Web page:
Picture: REUTERS
Picture: REUTERS

The Vapour Product Association, which represents companies that sell e-cigarettes, is gearing up for a national campaign to oppose a proposed new law, which it says could send its industry up in a puff of smoke.

The Control of Tobacco Products and Electronic Delivery Systems Bill has been published for comment and contains proposals that, if enacted, would bring electronic delivery devices such as e-cigarettes and heat-not-burn products under regulatory control for the first time.

The Vapour Product Association had hoped to see separate rules for these devices, but the bill gives them the same treatment as tobacco products such as cigarettes.

Sales restrictions

If the proposals go through, e-cigarette manufacturers will not be able to sell their products in vending machines, will have to use plain packaging and may not sell to people under the age of 18. Consumers will face tight restrictions on where they can vape, as the bill proposes more stringent limits on smoking in public places than the Tobacco Products Control Act, which it will replace.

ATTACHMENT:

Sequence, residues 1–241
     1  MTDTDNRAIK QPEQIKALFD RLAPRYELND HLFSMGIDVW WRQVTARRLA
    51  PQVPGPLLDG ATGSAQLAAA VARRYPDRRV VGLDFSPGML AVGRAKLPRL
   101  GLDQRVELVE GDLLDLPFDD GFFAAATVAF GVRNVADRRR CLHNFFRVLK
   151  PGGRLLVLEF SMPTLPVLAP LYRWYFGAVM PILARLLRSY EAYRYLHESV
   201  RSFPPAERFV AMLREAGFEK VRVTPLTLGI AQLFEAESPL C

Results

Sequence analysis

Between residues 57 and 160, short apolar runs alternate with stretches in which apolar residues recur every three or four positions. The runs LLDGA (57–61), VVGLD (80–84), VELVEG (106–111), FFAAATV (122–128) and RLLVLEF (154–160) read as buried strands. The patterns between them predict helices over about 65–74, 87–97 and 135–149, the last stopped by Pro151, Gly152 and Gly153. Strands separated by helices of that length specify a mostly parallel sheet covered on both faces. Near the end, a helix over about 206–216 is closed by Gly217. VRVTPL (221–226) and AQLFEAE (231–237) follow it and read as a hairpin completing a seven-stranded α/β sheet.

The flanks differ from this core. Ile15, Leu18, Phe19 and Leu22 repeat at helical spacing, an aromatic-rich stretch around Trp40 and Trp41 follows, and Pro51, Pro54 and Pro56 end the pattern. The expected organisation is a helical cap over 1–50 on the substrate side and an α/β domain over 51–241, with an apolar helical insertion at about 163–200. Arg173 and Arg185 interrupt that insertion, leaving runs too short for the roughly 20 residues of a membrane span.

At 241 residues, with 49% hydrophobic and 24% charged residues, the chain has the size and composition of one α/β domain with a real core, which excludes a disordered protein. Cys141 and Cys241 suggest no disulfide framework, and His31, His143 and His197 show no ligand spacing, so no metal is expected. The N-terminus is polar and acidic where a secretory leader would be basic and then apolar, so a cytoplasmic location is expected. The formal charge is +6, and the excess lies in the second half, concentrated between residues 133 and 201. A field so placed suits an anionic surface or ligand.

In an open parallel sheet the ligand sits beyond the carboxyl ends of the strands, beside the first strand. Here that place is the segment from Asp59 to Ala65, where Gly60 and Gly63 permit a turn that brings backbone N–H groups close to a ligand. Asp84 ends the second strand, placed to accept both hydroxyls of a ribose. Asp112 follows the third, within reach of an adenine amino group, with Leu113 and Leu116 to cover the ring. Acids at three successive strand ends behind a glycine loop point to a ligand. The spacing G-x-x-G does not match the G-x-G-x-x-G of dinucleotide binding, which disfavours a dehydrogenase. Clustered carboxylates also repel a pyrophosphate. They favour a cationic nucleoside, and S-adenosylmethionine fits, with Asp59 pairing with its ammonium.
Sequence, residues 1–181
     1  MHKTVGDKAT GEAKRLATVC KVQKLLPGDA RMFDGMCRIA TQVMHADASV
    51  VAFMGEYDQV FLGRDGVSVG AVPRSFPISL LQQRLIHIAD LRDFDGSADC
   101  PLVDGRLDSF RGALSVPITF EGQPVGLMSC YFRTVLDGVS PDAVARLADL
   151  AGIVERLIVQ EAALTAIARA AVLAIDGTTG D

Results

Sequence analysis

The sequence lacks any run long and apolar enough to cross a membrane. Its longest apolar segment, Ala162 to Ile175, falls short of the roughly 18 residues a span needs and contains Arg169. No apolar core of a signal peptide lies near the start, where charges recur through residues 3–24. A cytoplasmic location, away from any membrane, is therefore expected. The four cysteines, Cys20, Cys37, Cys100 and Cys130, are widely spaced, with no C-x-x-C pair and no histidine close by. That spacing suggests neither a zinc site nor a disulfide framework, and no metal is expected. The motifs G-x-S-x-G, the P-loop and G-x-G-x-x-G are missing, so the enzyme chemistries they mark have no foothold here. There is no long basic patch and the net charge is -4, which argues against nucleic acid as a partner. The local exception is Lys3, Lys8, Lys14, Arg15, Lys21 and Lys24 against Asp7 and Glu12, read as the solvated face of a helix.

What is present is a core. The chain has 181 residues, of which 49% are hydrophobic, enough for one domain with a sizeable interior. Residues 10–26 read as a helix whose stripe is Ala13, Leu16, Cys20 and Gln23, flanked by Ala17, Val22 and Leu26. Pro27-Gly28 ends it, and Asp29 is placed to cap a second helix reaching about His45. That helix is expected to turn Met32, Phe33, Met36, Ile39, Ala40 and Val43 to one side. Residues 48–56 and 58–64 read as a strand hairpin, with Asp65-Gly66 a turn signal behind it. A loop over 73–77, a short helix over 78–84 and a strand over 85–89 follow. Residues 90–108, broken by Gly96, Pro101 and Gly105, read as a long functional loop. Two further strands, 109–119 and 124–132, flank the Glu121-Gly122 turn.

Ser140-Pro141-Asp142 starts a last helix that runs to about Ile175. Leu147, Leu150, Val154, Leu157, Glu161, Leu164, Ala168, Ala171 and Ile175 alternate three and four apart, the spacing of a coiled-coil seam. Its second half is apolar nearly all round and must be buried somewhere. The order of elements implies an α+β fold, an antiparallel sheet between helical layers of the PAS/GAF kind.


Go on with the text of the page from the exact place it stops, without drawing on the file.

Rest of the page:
The association said Health Minister Aaron Motsoaledi had failed to consult the industry and had taken an overzealous approach to regulation that failed to acknowledge the benefits vaping provided.

"The measures proposed will in effect make it harder for a consumer to vape in SA than it is to smoke. Ultimately, this will halt current smokers and reverse existing vapers from starting or continuing the use of a scientifically proven harm-reduced product," it said.

Vapour Product Association director Kabir Kaleechurn said the vaping industry should be seen as a partner to the health agenda in SA.

"Should all smokers move to harm-reduced vaping products, the impact is bound to be extremely positive from a non-communicable diseases point of view. This has proved to be the case in the US, UK, Germany, France and other members of the EU," he said.

However, not everyone is convinced that vaping is a safe alternative to smoking tobacco. The health department’s Lorato Mahura has said that electronic delivery systems, which contain nicotine, pose health risks.

"The reality is they are not as toxic as cigarettes but are still toxic. Nicotine is harmful over time," she said.